The domestic banks, however, remained open. They had too. The entire economy had nearly dissolved in a week without money. As an emergency remediation, all the NY banks were given access to emergency lending facilities. In other words, every bank that The Gnome deemed “too big to fail” gained access to an unlimited line of credit at 0% interest that was never to come due so that they might supply enough digital dollars to offset the panic cash withdrawals that were sure to take place.
The move to shutter the banks a week before proved disastrous. Keeping them open might have been even worse but closing them definitely fomented the panic…giving it ‘legs’ as it were. The lesson of being caught without the ability to buy toilet paper because debit card transactions were shut off was not lost on Americanus. Americans could be accused of sheep-like idiocy in times-o-plenty but they were quick learners. They were not going to get caught with their pants down again.
When word got out in the middle of the night that the banks were reopening, the lines accumulated within fifteen minutes. When the doors opened, a swarm inundated the pimply-faced bank tellers. The truckloads of cash were quickly exhausted despite personal withdrawal limits of ten Reagans per. Customers were turned away cursing. Some turned over the signage. Some banks reported assaults.
With their digital money turned back on, there was a mad rush to the grocery stores and gas stations. People weren’t buying popsicles and root beer, this time. Now they were buying fuel and canned goods and dried goods and paper products. The pumps and shelves were cleaned out in minutes. Americanus indeed learned quickly.
The supply chain, which was an uber-complex machine greased by millions upon millions of credit transactions began sputtering within hours of the original collapse. Parts of it blew apart as unsound trucking companies ran out of gas and could not do anything about it other than pull their trucks on to the shoulder and walk away.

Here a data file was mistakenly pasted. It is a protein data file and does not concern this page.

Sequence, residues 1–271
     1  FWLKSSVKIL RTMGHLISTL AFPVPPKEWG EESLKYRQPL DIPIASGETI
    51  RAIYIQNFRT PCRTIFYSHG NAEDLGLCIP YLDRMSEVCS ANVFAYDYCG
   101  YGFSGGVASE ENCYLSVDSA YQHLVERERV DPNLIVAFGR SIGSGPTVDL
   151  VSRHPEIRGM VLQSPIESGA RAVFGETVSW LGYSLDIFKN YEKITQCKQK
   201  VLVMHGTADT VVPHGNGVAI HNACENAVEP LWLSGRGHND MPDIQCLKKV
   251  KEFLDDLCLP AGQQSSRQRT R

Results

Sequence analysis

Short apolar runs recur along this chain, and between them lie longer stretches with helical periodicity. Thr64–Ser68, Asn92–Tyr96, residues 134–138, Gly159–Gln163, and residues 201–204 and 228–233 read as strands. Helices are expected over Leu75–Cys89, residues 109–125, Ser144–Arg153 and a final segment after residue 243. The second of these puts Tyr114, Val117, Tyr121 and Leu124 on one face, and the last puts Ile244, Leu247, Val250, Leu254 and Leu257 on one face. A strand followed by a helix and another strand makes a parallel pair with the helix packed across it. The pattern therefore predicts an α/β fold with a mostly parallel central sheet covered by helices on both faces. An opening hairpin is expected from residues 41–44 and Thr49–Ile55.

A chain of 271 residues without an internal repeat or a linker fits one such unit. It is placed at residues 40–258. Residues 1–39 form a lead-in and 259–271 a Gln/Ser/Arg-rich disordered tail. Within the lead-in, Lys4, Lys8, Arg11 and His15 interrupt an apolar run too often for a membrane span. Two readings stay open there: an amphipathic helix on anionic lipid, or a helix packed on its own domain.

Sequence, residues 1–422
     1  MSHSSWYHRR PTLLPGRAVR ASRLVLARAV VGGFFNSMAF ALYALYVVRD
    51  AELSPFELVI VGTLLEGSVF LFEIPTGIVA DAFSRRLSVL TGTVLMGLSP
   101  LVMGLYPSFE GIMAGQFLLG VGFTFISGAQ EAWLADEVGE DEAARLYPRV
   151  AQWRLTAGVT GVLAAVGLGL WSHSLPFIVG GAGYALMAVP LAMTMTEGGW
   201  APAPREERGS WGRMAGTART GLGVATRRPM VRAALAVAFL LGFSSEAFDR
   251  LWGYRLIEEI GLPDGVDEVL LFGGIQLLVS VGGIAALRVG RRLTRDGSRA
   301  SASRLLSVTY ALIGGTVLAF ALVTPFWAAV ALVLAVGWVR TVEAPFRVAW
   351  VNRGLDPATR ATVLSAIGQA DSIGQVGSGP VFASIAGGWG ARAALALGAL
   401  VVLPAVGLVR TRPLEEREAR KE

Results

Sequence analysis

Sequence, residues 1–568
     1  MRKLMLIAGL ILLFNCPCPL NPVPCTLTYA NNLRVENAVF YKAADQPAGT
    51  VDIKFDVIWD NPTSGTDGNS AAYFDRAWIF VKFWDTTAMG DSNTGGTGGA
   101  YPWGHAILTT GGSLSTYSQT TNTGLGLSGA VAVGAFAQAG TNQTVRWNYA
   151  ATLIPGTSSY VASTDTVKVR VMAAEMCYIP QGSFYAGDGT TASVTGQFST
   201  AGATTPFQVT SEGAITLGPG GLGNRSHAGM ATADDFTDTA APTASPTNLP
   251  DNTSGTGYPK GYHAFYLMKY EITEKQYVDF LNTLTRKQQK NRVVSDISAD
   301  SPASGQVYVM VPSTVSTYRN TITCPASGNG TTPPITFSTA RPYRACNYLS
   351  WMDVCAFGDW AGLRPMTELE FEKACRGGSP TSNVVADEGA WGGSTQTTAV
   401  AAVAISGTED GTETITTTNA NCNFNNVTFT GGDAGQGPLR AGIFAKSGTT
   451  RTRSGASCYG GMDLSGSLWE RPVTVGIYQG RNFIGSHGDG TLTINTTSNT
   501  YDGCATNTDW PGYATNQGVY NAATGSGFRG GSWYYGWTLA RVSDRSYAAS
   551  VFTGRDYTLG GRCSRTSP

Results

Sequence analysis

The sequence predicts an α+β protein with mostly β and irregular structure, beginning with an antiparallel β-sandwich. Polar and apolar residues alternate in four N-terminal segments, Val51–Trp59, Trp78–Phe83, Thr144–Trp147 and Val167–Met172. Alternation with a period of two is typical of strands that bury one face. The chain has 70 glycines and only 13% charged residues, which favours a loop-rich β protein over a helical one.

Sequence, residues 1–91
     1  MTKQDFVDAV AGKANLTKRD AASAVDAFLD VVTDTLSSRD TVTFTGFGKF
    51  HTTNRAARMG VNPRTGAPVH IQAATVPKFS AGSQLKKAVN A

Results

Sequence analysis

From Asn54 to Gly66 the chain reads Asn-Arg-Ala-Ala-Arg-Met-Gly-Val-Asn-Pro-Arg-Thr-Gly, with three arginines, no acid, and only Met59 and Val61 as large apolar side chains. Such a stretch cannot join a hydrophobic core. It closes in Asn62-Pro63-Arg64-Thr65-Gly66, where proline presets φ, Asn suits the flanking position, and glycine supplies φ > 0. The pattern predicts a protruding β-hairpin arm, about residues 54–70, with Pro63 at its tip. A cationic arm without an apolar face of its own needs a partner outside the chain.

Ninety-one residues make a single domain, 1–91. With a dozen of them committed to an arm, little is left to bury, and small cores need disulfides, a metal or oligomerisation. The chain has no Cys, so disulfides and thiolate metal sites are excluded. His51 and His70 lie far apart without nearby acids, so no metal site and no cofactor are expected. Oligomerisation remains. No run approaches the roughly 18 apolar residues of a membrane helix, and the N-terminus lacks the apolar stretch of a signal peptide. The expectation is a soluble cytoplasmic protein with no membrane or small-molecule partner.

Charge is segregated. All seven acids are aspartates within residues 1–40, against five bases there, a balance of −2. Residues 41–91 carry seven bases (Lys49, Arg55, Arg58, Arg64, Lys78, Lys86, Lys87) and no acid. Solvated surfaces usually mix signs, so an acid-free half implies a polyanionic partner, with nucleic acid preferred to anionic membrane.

But despite the gaping holes, sound businesses endured by the wits of their brilliant, industrious managers who hustled fuel with collateralized IOUs to keep their fleets rolling. The goods that were moving were moving based on million dollar deals sealed with handshakes and emails. There were crafty, resourceful men and women, millions of them, dealing in millions of products, making billions of decisions that held the fragile economic order together. They were adjusting to the extraordinary situation. They were surviving.
Then the government just had to do something.
The government’s busybody administrators could not resist their pervasive and pathological need to save the day. So like a monkey wrench…nay…a hand grenade tossed into the works, the government busybodies went about meddling and destroying the fragile arrangements created by the resourceful managers. The government busybodies had to save everyone from evil greed!
First, the evil price gougers were to be cited, than arrested, than their assets were to be commandeered. This started with the gas stations and progressed to the sellers of produce, and then the diaper merchants. The possibility of high profits that could be made if one could only get a truckload of diapers to Flagstaff was quickly doused by the government busy bodies who made it illegal to make any ‘windfall profits’. The exploiters who were on their way to Flagstaff to fulfill the diaper demand and make a buck caught wind of the new laws that could result in five years in prison and turned their loads back for home. It was no longer worth it. Arizonians would have to do without diapers and the other things they needed regardless of what they were willing to pay. Thank god the government put those evil price gougers in their place.